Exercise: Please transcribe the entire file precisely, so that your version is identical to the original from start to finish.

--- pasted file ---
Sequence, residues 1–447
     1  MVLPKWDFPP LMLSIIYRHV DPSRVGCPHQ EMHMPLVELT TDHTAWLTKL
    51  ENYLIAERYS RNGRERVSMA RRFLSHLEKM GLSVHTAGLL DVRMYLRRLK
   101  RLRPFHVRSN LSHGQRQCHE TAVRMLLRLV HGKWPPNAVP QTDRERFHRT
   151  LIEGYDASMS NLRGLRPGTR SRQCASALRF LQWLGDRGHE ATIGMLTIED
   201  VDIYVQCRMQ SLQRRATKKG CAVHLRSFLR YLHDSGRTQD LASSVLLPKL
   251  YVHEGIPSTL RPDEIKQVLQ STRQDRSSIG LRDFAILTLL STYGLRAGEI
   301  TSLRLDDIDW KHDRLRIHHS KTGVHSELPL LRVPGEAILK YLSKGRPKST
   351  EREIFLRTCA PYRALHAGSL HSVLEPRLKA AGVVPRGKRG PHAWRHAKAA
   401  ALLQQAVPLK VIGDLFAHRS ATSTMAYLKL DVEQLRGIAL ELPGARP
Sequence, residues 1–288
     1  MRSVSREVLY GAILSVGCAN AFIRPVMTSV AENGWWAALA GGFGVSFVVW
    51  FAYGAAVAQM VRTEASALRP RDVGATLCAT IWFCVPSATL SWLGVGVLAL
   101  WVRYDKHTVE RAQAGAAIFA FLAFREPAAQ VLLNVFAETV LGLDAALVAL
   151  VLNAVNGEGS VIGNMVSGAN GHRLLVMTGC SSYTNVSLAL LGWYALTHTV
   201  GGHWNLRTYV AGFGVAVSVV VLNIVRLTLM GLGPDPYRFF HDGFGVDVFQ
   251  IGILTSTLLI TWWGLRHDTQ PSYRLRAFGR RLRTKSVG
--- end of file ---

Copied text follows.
Sequence, residues 1–447
     1  MVLPKWDFPP LMLSIIYRHV DPSRVGCPHQ EMHMPLVELT TDHTAWLTKL
    51  ENYLIAERYS RNGRERVSMA RRFLSHLEKM GLSVHTAGLL DVRMYLRRLK
   101  RLRPFHVRSN LSHGQRQCHE TAVRMLLRLV HGKWPPNAVP QTDRERFHRT
   151  LIEGYDASMS NLRGLRPGTR SRQCASALRF LQWLGDRGHE ATIGMLTIED
   201  VDIYVQCRMQ SLQRRATKKG CAVHLRSFLR YLHDSGRTQD LASSVLLPKL
   251  YVHEGIPSTL RPDEIKQVLQ STRQDRSSIG LRDFAILTLL STYGLRAGEI
   301  TSLRLDDIDW KHDRLRIHHS KTGVHSELPL LRVPGEAILK YLSKGRPKST
   351  EREIFLRTCA PYRALHAGSL HSVLEPRLKA AGVVPRGKRG PHAWRHAKAA
   401  ALLQQAVPLK VIGDLFAHRS ATSTMAYLKL DVEQLRGIAL ELPGARP
Sequence, residues 1–288
     1  MRSVSREVLY GAILSVGCAN AFIRPVMTSV AENGWWAALA GGFGVSFVVW
    51  FAYGAAVAQM VRTEASALRP RDVGATLCAT IWFCVPSATL SWLGVGVLAL
   101  WVRYDKHTVE RAQAGAAIFA FLAFREPAAQ VLLNVFAETV LGLDAALVAL
   151  VLNAVNGEGS VIGNMVSGAN GHRLLVMTGC SSYTNVSLAL LGWYALTHTV
   201  GGHWNLRTYV AGFGVAVSVV VLNIVRLTLM GLGPDPYRFF HDGFGVDVFQ
   251  IGILTSTLLI TWWGLRHDTQ PSYRLRAFGR RLRTKSVG